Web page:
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received. See Parenti v. Ponte, 727 F.2d 21, 25 (1st Cir.1984). The Defendants have an obligation to comply with all statutes, regulations and guidelines from the National Archives and Records Administration. The CCM office based in Miami reports and abides by the rules and regulations set by the Federal Bureau of Prison. Accordingly, the CCM office has to use proper Federal Forms each time a prisoner is concerned. All documents must be documented in the Sentry system to be fully in compliance with all statutes, regulations and guidelines. The abuses of process of are as follows:
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No copies of the Transfer Orders (BP-S399.058) nor Transfer Reciept (BP-821.051) were ever provided to the Plaintiff/Appellant, because they did not and do not exist to this day.

2. The transfer of a halfway house resident back to the Federal Prison it is NOT done thru a Memorandum. The US Federal Government requires that an approved form (BP-S399.058) and (BP-821.051), is used for any action taken by a federal employee. In this case, the request MUST be placed in the SENTRY SYSTEM to the US Marshal, and then other Transfer and custody forms must be filled out with the appropriate dates and signatures, and a copy must be given to the transferred

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inmate. This has not taken place because charges or investigations against the Plaintiff/Appellant, were never levied by the Federal Bureau of Prisons. This was a gross Fabrication with a premeditated cover-up. 3. The Letter from Derek Thomas to Carlos Rodrigues, which is a fabricated document also, it has no date. Without a date, this letter is not an official document. Even more disturbing is the fact that Authority to transfer federal inmates from non-federal facilities to federal intuitions is delegated to CCMs. 4. The letter from Derek Thomas to offender Traian Bujduveanu, a fabricated document, also does not have a date. 5. The fabricated letter, allegedly written by Ana Gispert on October 20, 2010, states that Mr. Bujduveanu's adjustment to the program has been poor, as witnessed by his inability to follow all of the rules and regulations set forth by Dismas Charities and the Bureau of Prisons. Yet all other documents state that he is cooperative and that he did all community transition courses, and that he will no longer benefit from the halfway house. Which leads the Plaintiff/Appellant and the court to question whether alleged minor violations of warrant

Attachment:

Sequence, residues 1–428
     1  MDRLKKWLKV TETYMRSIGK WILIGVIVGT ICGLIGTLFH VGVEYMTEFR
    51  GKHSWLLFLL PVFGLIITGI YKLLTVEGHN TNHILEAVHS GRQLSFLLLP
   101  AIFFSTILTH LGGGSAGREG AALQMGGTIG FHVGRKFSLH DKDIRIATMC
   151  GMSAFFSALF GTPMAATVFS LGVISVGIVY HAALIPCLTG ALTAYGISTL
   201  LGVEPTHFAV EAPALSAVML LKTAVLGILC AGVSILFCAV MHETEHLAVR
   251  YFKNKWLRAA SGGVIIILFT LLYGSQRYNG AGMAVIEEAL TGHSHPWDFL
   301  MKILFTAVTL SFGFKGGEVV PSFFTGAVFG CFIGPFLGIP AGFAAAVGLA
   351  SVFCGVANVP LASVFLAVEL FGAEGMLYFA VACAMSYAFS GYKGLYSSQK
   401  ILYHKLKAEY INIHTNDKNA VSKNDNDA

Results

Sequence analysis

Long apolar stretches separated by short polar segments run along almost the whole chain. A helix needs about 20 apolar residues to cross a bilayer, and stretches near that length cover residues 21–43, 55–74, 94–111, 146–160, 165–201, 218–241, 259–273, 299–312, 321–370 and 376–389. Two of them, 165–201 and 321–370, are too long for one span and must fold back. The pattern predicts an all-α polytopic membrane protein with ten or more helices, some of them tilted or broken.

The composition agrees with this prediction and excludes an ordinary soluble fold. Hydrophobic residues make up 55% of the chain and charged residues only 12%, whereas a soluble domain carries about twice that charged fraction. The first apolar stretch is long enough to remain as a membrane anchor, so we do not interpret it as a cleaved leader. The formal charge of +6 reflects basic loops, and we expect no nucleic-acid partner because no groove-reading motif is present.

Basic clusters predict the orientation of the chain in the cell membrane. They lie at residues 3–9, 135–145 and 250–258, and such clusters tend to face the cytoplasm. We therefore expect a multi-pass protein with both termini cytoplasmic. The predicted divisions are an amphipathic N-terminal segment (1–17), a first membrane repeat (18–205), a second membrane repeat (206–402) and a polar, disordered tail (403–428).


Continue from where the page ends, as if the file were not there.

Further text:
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such a drastic change in opinion, and moreover, whether this change in opinion was done as matter of fact or simply to remove Plaintiff/Appellant from the facility. 6. In a letter from Ana Gispert to Bobbie Lowery, dated January 5, 2011 she is instructing him to make certified documents stating that they have attempted to return the property to the family of the Plaintiff/Appellant. At this time the property of the Plaintiff/Appellant is still in the Derek Thomas office and under his control. She is practically instructing them to lie and make false documents, as my family will attest to the fact that they were never contacted to retrieve my property. 7. The application of a violation Code 108 Possession, Manufacture, or introduction of a hazardous tool (Tools most likely to be used in an escape or escape attempt or to serve as a weapon capable of doing of doing serious bodily harm to others; or those hazardous to institutional security or personal safety, to include that of a cell phone. First and foremost, a cell phone unless used a detonation device cannot be seen as threat to personal or institutional safety. At best this alleged violation should have been charged as a Code 305, Possession

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of anything not authorized for retention or receipt by the inmate, not issued to through regular channels. However, given the fact that the Plaintiff/Appellant was on home confinement, even this charge would not be a perfect fit given the fact that those on home confinement are afforded additional rights and liberties as they are not subject to 24 hour monitoring by facility. Ultimately, his charges were trumped up to such that he would be charged with a violation that might cause his removal from the program rather than one that is more in line with the Plaintiff/Appellants alleged actions that took place that day. Given the harmless nature of a cell phone, and its inability to enable an inmate to escape from a correctional facility, as a tool used for serious bodily harm, it is clear that there is some underlying malicious intent behind the use of this violation code as opposed to one that was more appropriate. We therefore argue that the trial court erred in failing to deny the Appellees Motion for Summary Judgment, and would humbly request that Order Granting said Summary Judgment overturned.

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Issue #2: Whether the lower tribunal erred in granting Defendants Motion for Summary Judgment, by overlooking Plaintiffs /Appellants claims for False Arrest and Imprisonment? The tort of false imprisonment or false arrest contains the following elements: The Restatement (2nd) of Torts, 31, reads: An actor is subject to liability to another for false imprisonment if: (a) he acts intending to confine the other or a third person within boundaries fixed by the actor, and (b) his act directly or indirectly results in such a confinement of the other, and (c) the other is conscious of the confinement or is harmed by it. False imprisonment has four elements: 2. intent, 3. actual confinement in boundaries not of the plaintiff's choosing, 4. a causal link, and 5. Awareness of the confinement.